• Vince Bowry

13 Sales "Ice Breakers" to get the conversation going




A few days ago I found myself in a common situation.


I was reviewing some software and I scheduled a discovery call for a CRM solution that I was thinking of subscribing to. By the way, I love to be sold.


On the call, the sales rep spent 5 minutes explaining their software to me, reading all of the benefits line by line, explaining the features and telling me all about how their customers are benefitting from their solution, without ever asking me what problem I am trying to solve.


As time passed, I found myself checking emails and beginning to drift off as the sales rep was relentless in their pursuit of ensuring that I understood the intricacies of the back end of their software, which I had no interest in.


I just want to know if they could solve my problem.


I've been told that "telling ain't selling!"


As mentioned in our earlier blog - Effective Meetings, it's not about selling... it's all about providing a level of customer satisfaction that delivers increasing amounts of value over time, creating a natural growth in base-product use, piquing interest in new solutions, and developing a real partnership between you and your customers.


Effective sales communication is not about reading a feature sheet. It's about;

  • understanding your customer

  • understanding their business

  • uncovering the problem that they are trying to solve

  • aligning your solution with their problem to alleviate their challenges

Sounds pretty simple but it is difficult to embed into daily practice without the right framework.


In no particular order.... here are my 13 Sales "Ice Breaker" Questions that I have used to better understand if and how my solutions can solve the problem(s) of my prospects and customers.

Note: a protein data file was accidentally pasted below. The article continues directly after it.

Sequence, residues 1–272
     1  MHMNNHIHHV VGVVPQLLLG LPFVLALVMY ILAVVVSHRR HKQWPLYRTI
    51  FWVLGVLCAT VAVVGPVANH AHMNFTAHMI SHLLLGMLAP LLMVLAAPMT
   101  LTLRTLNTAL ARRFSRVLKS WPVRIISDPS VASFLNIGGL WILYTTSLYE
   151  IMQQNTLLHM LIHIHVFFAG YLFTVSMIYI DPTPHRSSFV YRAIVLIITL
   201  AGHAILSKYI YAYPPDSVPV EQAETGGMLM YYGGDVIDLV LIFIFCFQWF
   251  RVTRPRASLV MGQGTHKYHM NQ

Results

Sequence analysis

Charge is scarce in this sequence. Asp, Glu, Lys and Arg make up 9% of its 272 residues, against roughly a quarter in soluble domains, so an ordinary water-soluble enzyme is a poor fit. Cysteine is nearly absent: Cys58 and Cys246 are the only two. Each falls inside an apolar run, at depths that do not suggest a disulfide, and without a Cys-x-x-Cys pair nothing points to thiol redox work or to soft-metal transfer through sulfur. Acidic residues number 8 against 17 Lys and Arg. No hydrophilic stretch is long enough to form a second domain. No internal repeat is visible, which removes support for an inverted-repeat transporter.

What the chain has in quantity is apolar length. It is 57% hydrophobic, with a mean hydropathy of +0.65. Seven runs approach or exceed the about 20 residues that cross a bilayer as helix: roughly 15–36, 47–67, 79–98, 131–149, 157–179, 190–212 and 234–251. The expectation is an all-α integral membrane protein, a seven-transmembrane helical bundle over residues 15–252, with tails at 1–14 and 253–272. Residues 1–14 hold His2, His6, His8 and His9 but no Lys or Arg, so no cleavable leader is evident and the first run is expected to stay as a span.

1. How did you hear about us?

  2. What's keeping you busy nowadays?

  3. What is on the top of your "to-do list" in terms of projects and initiatives?

  4. What tools and resources are you using to reach these goals?

  5. What do you want to see happening that isn't happening today?

  6. What are the top challenges that you are trying to overcome this quarter/year?

  7. Why have the challenges that you mentioned bubbled to the top and taken priority over others? What about the barriers to solving these challenges?

  8. What strategies have you tried so far? How did that work out? Who was involved?

  9. Where did the problem originate?

  10. If there was an unlimited budget, what resources have at your disposal to solve the problem?

  11. How do you measure the success of your initiatives?

  12. What are your ideal outcomes? What would success look like for you, personally and in your role?

  13. Who else would be involved in any changes at your organization? Who makes the final decision?

Mix and match these into your discovery calls more effective.


Vince Bowry is the Founder of Eduthink. For more information on our solutions, contact us.

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